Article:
With increasing demand for IT flexibility – from users wanting to access IT on any device, anywhere, any time; and organisations wanting to consolidate for efficiency – online, cloud-based services are the way to go. This shift will not be welcomed by all. Some will feel the personal touch has been lost; others will miss being helped (or having the work done for them). In all cases, the organisation making the changes has to make sure the process is well delivered, well supported and well understood to be successful, and this typically means choosing the right tools, systems and suppliers.For consumers and employees alike it means a shift from long-established and well supported but often cumbersome ways of doing things, to an online, instant access and increasingly self-service model.

5. HP Inc lays the foundations for a digital future

Despite its personal systems business being affected by the decline in demand for PCs, Shane Wall, CTO of HP Inc, is confident it will bounce back. This will not necessarily come from competing by selling new revisions of PCs, laptops, tablets or hybrid devices. Rather, he predicts completely new ways of using a PC that cannot simply be copied and mass-produced by rival manufacturers.

6. The best desktop strategy: Forget the desktop

Before licensing and rolling out an updated operating system (OS), it may be time to revise your IT estate, says Quocirca analyst Clive Longbottom. Windows 10 is not free to businesses, but is covered under volume licences supporting upgrades. Now is probably a good time to completely review where your organisation is with its user device strategy. As bring-your-own-device (BYOD) programmes have come into broader use, users are no longer necessarily using Windows-based devices as their main mobile appliance.

7. An introduction to the Microsoft Business Store

Normally,  universal apps are installed via the Windows Store, which is focused on consumers, limiting the appeal of the platform in a business context. Users can only log into the Windows Store with a personal Microsoft account. It is not possible for businesses to buy volume licences for Store apps and, if a user gets an app but leaves the organisation, the licence to the app goes with them. Microsoft is now fixing this with its new BusinessStore.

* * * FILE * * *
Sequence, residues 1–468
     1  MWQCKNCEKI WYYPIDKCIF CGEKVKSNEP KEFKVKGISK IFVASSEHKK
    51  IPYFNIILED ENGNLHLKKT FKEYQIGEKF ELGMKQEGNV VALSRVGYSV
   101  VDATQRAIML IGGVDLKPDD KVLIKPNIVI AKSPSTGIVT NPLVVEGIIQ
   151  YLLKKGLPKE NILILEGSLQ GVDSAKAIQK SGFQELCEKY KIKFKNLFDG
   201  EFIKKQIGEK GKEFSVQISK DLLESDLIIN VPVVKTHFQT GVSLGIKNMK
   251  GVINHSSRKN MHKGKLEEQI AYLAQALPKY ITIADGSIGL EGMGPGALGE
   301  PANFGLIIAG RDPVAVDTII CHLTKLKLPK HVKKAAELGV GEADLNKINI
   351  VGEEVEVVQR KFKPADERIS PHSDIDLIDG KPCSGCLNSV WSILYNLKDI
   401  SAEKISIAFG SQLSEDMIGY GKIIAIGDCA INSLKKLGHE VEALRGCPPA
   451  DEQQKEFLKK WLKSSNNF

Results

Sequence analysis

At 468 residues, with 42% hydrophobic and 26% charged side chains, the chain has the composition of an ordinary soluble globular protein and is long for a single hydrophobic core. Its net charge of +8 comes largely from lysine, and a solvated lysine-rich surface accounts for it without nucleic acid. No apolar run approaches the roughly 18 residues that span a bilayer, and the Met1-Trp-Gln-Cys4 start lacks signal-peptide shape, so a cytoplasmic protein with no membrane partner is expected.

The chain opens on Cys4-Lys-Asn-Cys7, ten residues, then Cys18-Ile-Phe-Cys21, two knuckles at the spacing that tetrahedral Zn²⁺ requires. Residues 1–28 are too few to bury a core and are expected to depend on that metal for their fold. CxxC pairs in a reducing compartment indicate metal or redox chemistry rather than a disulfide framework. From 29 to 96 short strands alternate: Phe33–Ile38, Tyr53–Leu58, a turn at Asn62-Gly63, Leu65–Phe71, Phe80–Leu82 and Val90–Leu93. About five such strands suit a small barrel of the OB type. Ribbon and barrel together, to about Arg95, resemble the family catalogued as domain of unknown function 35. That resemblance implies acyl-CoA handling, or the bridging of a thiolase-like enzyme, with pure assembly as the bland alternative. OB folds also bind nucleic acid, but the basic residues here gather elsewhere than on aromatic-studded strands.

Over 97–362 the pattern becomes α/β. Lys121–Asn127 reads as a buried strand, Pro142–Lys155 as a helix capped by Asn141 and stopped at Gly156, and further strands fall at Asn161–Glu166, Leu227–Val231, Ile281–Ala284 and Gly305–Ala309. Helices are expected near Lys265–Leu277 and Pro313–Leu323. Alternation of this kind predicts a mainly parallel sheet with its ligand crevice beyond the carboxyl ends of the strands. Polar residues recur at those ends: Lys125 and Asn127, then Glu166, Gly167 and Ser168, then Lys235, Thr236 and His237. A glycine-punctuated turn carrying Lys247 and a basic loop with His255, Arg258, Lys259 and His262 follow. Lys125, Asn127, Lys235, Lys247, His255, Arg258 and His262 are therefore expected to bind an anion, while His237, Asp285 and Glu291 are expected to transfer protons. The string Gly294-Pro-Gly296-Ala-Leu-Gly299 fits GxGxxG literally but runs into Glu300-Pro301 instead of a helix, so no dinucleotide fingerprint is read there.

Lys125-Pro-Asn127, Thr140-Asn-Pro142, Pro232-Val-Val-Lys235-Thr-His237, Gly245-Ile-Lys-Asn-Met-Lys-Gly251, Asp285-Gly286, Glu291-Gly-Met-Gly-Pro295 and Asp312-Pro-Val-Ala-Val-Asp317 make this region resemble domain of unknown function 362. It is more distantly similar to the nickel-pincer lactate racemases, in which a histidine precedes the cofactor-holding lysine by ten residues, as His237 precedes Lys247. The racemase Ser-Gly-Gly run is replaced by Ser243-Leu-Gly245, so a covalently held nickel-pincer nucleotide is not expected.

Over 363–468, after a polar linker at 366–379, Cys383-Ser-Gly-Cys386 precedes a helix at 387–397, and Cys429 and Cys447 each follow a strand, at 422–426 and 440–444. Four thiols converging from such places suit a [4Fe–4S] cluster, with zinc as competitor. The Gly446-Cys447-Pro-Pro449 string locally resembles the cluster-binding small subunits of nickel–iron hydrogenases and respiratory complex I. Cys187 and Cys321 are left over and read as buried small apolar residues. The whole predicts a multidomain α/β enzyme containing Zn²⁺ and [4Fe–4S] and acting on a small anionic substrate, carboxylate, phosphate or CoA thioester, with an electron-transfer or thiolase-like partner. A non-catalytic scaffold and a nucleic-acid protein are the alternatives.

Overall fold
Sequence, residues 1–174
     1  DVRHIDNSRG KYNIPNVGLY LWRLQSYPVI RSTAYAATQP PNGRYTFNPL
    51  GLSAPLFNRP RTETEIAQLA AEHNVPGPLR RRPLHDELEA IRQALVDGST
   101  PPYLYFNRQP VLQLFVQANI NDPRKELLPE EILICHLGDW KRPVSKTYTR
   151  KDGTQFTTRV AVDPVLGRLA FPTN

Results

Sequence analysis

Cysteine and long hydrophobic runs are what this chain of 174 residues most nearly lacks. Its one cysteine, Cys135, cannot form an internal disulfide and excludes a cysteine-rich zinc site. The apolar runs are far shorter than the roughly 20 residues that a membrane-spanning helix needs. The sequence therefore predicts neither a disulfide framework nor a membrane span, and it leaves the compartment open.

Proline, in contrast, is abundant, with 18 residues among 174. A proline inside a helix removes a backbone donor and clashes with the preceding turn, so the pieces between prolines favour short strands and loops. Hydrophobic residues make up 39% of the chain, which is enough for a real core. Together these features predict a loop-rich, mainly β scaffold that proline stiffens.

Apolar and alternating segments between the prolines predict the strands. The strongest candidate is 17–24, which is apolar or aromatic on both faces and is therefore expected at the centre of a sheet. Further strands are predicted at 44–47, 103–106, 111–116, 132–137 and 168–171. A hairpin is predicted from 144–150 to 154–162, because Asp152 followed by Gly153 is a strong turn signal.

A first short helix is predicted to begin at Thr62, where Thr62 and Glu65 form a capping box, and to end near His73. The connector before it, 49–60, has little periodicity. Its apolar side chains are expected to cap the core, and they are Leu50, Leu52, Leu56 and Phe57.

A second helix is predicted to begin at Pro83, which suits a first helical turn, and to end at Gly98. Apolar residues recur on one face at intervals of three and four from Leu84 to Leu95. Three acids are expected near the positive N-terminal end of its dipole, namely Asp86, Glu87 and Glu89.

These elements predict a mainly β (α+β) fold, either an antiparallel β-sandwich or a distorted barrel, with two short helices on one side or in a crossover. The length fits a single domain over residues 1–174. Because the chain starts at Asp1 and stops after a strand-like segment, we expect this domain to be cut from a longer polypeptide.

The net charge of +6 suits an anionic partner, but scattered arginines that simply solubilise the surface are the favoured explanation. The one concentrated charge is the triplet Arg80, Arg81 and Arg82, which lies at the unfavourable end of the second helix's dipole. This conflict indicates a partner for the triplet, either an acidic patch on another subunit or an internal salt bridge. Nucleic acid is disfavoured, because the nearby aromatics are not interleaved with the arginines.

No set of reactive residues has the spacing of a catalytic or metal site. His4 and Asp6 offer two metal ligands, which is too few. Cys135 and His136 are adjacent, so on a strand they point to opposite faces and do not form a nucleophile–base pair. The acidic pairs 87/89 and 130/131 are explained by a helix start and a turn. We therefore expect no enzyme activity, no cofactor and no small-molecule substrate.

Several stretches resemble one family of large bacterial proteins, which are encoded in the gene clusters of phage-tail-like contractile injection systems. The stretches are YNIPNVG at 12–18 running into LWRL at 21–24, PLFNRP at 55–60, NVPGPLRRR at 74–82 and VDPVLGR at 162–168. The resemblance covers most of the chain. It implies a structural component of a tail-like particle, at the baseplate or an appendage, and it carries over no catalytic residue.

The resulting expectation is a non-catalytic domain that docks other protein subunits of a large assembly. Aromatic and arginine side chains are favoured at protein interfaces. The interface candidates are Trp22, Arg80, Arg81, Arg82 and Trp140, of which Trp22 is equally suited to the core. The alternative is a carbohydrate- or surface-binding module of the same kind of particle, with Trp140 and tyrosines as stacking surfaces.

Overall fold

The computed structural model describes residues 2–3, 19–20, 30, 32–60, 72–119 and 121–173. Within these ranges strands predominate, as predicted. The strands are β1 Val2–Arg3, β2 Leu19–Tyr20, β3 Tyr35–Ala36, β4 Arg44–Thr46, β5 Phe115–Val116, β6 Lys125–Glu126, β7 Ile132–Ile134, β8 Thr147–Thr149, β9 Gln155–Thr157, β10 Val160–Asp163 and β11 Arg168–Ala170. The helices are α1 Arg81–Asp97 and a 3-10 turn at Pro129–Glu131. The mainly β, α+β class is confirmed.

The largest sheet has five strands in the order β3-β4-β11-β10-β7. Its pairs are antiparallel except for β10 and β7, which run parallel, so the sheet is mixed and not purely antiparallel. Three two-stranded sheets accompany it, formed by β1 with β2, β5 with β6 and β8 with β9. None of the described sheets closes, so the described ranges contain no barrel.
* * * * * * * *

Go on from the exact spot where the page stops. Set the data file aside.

8. Welcome to Windows 10

Windows 10 could be the last update of Windows IT departments will need to make. The operating system brings back the Start Menu for desktop and laptop users, adds Cortana as a digital personal assistant and ramps up security.The OS represents a departure from the previous, Windows-centric view of the world often associated with Microsoft. Now the emphasis is on portability of experience, manageability and security.

9. Microsoft wins the PC argument for Windows 10

For large enterprises, Microsoft aims to ease the burden of large-scale PC upgrades – which involve significant acceptance testing, and wiping and reloading OS images – by offering easy upgrades on Windows 7 or later. And the same technology enables provisioning new machines by simply logging into Azure Active Directory. Microsoft promises to deliver feature updates regularly – just as websites and mobile apps providers do – rather than in bulky and infrequent service packs. The goal is to enable customers to get the latest features and security updates, but with flexibility for companies to choose a standardised testing interval to prepare and implement updates.

10.  Should businesses upgrade to Windows 10?

Windows 10 offers the prospect of a shared application architecture across all these devices, and a common storefront in the form of the Windows Store. Organisations adopting Windows 10 Enterprise edition, meanwhile, are promised an easier upgrade path than in the past, vastly improved mobile device management (MDM) capabilities, better security and simpler sign-on and authentication through the cloud-based Azure Active Directory.